Comcast to invest extra US$300M on NBCUniversal this year, US$200M for NBC shows at 10 p.m., US$100M for new shows on cable channels, including Bravo, Oxygen, E! in turnaround effort for broadcaster
May 4, 2011
– Comcast Corp. will spend an extra $300 million this year on NBCUniversal, mostly to pay for new prime-time shows in a turnaround effort at broadcaster NBC.
The company, which bought a controlling interest in NBCUniversal in January, said $200 million will be spent mainly on new NBC shows to fill the 10 p.m. slot where Jay Leno briefly hosted a variety show every weeknight. It was a moneysaving move that was abandoned within months, after local stations complained that low ratings were hurting their 11 p.m. news.
Another $100 million will be spent on new shows on cable channels, which include Bravo, Oxygen, SyFy and E! Entertainment.
The company did not say how much NBCUniversal spent on shows last year.
NBCUniversal CEO Steve Burke disclosed the figure Wednesday on a conference call with analysts following Tuesday's release of Comcast Corp.'s upbeat first-quarter results.
"The real key to turning around NBC is not necessarily increased investment. The real key is making better shows," Burke said.
The network already has a potential hit with "The Voice," a singing competition show that debuted last week.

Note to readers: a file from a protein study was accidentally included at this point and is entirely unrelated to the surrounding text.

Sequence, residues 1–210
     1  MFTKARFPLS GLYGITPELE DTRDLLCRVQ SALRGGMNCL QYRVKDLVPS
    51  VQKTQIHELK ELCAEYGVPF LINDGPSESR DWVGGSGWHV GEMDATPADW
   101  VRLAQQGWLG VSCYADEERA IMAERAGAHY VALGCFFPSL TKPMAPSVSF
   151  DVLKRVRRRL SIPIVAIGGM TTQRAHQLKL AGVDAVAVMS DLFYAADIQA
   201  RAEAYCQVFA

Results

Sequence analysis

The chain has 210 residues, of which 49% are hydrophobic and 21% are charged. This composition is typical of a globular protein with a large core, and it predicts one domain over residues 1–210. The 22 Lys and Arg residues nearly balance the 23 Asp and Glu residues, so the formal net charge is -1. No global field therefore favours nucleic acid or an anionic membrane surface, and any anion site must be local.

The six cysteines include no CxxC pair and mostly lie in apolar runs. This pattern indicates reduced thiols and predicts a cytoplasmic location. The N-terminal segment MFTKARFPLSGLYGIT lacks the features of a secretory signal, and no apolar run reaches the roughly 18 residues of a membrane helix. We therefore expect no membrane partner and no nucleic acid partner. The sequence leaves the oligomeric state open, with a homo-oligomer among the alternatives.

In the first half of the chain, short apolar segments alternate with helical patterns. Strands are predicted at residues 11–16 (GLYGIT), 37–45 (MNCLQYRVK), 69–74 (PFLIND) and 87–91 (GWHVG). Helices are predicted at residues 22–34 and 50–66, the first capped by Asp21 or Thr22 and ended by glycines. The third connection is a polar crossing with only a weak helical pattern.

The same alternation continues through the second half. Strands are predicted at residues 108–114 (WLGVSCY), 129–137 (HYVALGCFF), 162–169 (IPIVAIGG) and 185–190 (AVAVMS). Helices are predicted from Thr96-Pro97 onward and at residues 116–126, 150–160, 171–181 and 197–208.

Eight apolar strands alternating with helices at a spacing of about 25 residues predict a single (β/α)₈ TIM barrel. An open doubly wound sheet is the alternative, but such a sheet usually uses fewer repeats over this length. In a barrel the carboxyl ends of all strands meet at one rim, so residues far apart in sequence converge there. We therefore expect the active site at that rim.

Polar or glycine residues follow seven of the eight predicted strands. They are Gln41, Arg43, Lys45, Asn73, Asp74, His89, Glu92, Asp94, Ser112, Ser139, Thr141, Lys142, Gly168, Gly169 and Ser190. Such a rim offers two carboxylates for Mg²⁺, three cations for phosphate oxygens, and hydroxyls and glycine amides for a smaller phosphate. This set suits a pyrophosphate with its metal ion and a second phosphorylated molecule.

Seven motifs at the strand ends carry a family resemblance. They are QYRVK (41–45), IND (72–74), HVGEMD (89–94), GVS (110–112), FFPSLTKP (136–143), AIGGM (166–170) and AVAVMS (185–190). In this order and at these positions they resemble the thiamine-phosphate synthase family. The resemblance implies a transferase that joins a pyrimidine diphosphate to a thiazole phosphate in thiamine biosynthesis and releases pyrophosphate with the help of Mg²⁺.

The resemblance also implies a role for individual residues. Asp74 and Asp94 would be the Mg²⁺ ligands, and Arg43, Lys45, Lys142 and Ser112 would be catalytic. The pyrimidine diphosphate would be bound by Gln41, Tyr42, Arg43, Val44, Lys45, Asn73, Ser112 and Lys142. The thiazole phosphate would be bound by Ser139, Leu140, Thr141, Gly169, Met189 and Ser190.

The company ordered 21 pilots of potential shows, the same number as last year, and will announce to advertisers in New York this month which ones it will order for the fall lineup.
Burke said the turnaround of the fourth-ranked network will take several years but is worth the investment. He said that even raising NBC to third place would mean hundreds of millions of dollars more in operating profit annually.
Although Comcast says it bought NBCUniversal for its lucrative cable channels, Comcast promised government regulators that it would invest in programming at the broadcast network.
Philadelphia-based Comcast on Tuesday reported first-quarter net income of $943 million, or 34 cents per share, for the first three months of the year. That's up 9 percent from $866 million, or 31 cents, a year ago.
Excluding costs related to its acquisition of NBCUniversal from General Electric Co., earnings came to 36 cents per share. That topped the 34 cents average expected by analysts polled by FactSet.
Revenue rose 32 percent to $12.1 billion. That also beat the $11.45 billion expected by analysts. Comcast's first-quarter results include two months of NBCUniversal's, which weren't included last year.
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